Hospital, neighbors rejoin fight over signs

St. Joseph officials, Towson residents head for zoning confrontation

August 16, 1999|By Dan Thanh Dang | Dan Thanh Dang,SUN STAFF

It's the time of the signs.

After more than a year of negotiations and bickering, St. Joseph Medical Center and Towson residents will appear Wednesday before the Baltimore County Zoning Commissioner to battle once again over four entrance signs the hospital wants to build.

St. Joseph officials say they want to help visitors find the Towson facility more easily. Community leaders say the billboard-like signs will make the nearby residential area look too commercial and spoil the view. Because the two sides cannot see eye to eye after a year of meetings, both have hired attorneys.

Compromises fail

"I don't know what this is all about," said Sean Flanagan, St. Joseph's community and government relations manager. "We've put a lot of planning into the aesthetics of all this. We've postponed this for more than a year to work with residents.

"We dropped other parts of the proposal when the community objected," Flanagan added. "Our compromises just weren't good enough."

The proposal calls for four signs to be placed by each of the entrances to the hospital -- one at the original York Road entrance used when the hospital moved to Baltimore County 30 years ago and three at the hospital's entrance to the main building, the emergency room and service area on Osler Drive.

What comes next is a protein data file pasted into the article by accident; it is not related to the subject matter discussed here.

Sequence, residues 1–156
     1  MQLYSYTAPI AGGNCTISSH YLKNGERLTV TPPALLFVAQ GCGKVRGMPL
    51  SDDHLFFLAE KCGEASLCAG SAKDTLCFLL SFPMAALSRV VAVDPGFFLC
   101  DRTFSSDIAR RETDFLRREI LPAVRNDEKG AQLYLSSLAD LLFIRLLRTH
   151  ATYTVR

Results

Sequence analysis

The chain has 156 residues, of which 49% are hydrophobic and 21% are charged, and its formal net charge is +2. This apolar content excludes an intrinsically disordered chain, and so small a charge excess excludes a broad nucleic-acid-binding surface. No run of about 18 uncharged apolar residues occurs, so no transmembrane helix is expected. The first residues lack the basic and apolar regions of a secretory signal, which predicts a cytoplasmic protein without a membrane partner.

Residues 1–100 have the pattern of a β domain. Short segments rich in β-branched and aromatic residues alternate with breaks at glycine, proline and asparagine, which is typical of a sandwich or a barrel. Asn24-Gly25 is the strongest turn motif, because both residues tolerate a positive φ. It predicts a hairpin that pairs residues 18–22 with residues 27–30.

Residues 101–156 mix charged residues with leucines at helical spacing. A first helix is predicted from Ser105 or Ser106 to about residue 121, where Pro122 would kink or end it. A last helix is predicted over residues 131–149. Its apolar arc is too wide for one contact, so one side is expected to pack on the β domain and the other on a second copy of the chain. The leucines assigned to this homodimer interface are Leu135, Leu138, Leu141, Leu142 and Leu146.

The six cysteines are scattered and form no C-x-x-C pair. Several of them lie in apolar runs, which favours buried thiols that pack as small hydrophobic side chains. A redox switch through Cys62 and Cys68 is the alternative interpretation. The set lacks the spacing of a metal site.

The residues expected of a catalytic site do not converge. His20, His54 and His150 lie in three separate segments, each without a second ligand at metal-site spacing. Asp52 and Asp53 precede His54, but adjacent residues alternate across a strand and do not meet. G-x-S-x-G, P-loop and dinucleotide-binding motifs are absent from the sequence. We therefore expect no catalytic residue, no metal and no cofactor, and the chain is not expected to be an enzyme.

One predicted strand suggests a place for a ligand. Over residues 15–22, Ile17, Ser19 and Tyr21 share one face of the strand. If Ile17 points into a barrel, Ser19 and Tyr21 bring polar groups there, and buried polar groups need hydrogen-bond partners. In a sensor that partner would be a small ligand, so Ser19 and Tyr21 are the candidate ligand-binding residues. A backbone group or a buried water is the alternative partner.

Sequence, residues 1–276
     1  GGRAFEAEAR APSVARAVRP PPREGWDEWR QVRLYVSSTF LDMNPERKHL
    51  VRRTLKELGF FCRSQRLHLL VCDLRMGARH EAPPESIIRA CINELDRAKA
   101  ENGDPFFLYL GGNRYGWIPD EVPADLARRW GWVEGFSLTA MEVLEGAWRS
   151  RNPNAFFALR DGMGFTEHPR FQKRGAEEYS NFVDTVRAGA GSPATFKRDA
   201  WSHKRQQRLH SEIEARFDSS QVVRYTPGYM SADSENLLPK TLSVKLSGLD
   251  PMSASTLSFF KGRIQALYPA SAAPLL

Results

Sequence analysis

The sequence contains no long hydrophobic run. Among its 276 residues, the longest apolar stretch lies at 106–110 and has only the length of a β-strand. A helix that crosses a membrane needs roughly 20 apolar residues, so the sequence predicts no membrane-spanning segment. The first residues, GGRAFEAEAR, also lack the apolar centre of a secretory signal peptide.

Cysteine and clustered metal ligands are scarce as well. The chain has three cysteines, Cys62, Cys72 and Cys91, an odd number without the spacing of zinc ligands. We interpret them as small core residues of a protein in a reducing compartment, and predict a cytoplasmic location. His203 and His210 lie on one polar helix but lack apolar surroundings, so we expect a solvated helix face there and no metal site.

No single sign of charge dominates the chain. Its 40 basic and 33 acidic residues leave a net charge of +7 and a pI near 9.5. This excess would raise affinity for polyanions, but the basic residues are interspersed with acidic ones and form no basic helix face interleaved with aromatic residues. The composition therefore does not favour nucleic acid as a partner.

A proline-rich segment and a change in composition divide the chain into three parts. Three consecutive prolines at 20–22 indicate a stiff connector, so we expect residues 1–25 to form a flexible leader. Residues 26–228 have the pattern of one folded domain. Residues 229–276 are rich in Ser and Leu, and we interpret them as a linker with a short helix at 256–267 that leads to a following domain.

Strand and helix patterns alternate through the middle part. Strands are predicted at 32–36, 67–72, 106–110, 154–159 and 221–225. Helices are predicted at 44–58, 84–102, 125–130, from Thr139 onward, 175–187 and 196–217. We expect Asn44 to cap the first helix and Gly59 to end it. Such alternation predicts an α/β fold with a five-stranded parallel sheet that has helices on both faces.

Directions for patients

Flanagan said the hospital wanted to put a new emphasis on the Osler Drive entrances because of the safety hazard motorists confront turning off York Road. He said that 85 percent of the hospital's patients are from areas outside Towson and are not familiar with the facility's location.

"I've walked to my car and had people ask me where the entrance was," Flanagan said. "They're driving around lost. It's hard for people to distinguish our signs from other institutions in the area."

To help patients and visitors, hospital officials are requesting a variance from county government, which went to great lengths in 1997 to create an ordinance that limits the shape, size and numbers of signs in the county.

At 13 feet tall, St. Joseph's illuminated signs would be 7 feet higher than the county allows. Hospital officials said the larger design would prevent passing vehicles from blocking the signs from other motorists.

`Air of commercialism'

"To have these huge signs in the middle of our neighborhood really gives off the air of commercialism," said Jean Duvall, a Rodgers Forge resident who leads a core group of Towson community associations that oppose the signs, including Wiltondale, Yorkleigh, Aigburth Manor and West Towson.

"We do feel that it would set a precedent if this variance was approved," Duvall said. "It would create a proliferation of signs."

Community leaders believe St. Joseph can adequately direct motorists if the hospital moves its signs closer to the road, trims tree branches and ornamental grass in front of the signs and puts more signs on campus to direct patients to buildings.

"We have worked on many issues in the past with St. Joe's," Duvall said. "But I believe this is the first time we have been in there as protestants rather than participants."

Added Towson attorney Francis X. Borgerdine Jr., "The community doesn't feel they [hospital officials] are legally or practically justified in this matter. We feel there are a number of things the hospital can do in regards to the sign without getting variances. That's just not necessary."

Pub Date: 8/16/99

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